Crammed Disques
No cat. no.

This dark ambient project has its origins in a walking trip through the Mexican jungle undertaken by Caroline Chaspoul and Eduardo Henriquez (who record together as Nova Materia), during which the pair made recordings of the sounds that surrounded them and used those as the basis for a 40-minute soundscape that they have released as Xpujil. That album is excellent, but I recommend this version, which begins with three reinterpretations of the Xpujil source material by Italian experimentalist Donato Dozzy, Colombian avant-garde musician Lucrecia Salt, and Honduran-born Frenchman Philippe Hallais (a.k.a. Low Jack), each of whom brings his or her own unique interpretation to the sonic content. The album then offers a new presentation of the original music, divided into four segments rather than the original uninterrupted single track. This is not only a more generous program of music (offered, oddly enough, at a lower price) but also a radically reconfigured one, and it’s consistently fascinating and enjoyable.

Air Waves
The Dance

Air Waves is the nom de pop of singer and songwriter Nicole Schneit, whose sophomore effort is a simultaneously forward- and backward-looking slice of modern pop songcraft. The first line of the first track had me wondering who Schneit reminded me of, and I was startled to realize it was Belinda Carlisle. That impression faded over the course of the program, as I started hearing echoes of Patsy Cline (“The Dance”) and, I don’t know, maybe Syd Straw (“Alien”), and eventually it became clear that what I was listening to is a genuine original. There’s some puckish humor here (note in particular the tongue-in-cheek “Black Metal Demon”) and some nice cameo appearances by the likes of Cass McCombs and Luke Temple, and although at full price and 26 minutes in length this release doesn’t offer the most solid value for money, the music is still great.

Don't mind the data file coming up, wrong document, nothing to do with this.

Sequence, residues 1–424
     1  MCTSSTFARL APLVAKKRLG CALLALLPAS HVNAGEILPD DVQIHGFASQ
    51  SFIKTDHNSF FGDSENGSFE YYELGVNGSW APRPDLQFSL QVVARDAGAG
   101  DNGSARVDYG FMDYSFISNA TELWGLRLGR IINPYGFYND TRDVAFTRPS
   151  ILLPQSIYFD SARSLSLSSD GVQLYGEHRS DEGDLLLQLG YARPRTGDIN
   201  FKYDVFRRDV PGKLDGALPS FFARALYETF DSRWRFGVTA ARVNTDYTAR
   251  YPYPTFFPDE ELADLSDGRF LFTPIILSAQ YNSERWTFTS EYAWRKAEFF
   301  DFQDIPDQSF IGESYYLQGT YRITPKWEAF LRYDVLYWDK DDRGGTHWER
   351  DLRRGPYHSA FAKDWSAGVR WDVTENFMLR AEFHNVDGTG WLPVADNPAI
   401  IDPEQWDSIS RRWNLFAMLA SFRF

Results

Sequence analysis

ARC Music (dist. Naxos)

Just about every music culture uses melisma (stretching out sung syllables using multiple notes; think, for example, of what happens whenever Mariah Carey holds a note for more than 1/10 of a second), and all do different things with it: you hear it in Black American gospel music, where melisma intensifies emotion; you hear it in classical Indian music, where it’s an intrinsic part of the structural exploration of a raga; and you hear it in traditional Appalachian music, notably in singers like Ralph Stanley. In Ethiopian music, melisma has a unique character; to me, it sounds like lacework subtly draped over the main melody. The great Ethiopian singer Minyeshu is a master of this style of singing, and on her latest album she demonstrates the technique with great subtlety and artistry while delivering pop songs that sound as modern as they do ancient. This is the first release I’ve heard from her, and now I’m going to go explore her catalog. (Man, I love this job.)

Rabii Harnoune & V.B. Kühl
Gnawa Electric Laune II (digital only)